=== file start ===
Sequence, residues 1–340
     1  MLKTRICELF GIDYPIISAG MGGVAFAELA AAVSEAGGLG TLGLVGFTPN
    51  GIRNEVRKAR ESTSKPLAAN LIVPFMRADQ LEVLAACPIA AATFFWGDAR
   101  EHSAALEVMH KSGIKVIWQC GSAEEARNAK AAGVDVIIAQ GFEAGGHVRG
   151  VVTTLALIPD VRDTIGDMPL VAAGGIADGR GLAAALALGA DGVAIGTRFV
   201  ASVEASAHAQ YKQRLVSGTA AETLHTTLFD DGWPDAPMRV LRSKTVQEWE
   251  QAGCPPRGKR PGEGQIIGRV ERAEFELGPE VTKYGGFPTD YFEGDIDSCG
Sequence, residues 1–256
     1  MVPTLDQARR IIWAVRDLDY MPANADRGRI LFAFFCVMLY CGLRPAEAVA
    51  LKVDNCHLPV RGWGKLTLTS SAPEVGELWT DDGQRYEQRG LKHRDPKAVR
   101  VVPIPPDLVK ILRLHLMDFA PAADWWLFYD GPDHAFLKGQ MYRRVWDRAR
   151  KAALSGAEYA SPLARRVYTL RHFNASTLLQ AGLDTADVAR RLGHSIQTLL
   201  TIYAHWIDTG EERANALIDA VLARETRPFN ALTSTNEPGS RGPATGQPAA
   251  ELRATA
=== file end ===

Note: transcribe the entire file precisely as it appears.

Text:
Sequence, residues 1–340
     1  MLKTRICELF GIDYPIISAG MGGVAFAELA AAVSEAGGLG TLGLVGFTPN
    51  GIRNEVRKAR ESTSKPLAAN LIVPFMRADQ LEVLAACPIA AATFFWGDAR
   101  EHSAALEVMH KSGIKVIWQC GSAEEARNAK AAGVDVIIAQ GFEAGGHVRG
   151  VVTTLALIPD VRDTIGDMPL VAAGGIADGR GLAAALALGA DGVAIGTRFV
   201  ASVEASAHAQ YKQRLVSGTA AETLHTTLFD DGWPDAPMRV LRSKTVQEWE
   251  QAGCPPRGKR PGEGQIIGRV ERAEFELGPE VTKYGGFPTD YFEGDIDSCG
Sequence, residues 1–256
     1  MVPTLDQARR IIWAVRDLDY MPANADRGRI LFAFFCVMLY CGLRPAEAVA
    51  LKVDNCHLPV RGWGKLTLTS SAPEVGELWT DDGQRYEQRG LKHRDPKAVR
   101  VVPIPPDLVK ILRLHLMDFA PAADWWLFYD GPDHAFLKGQ MYRRVWDRAR
   151  KAALSGAEYA SPLARRVYTL RHFNASTLLQ AGLDTADVAR RLGHSIQTLL
   201  TIYAHWIDTG EERANALIDA VLARETRPFN ALTSTNEPGS RGPATGQPAA
   251  ELRATA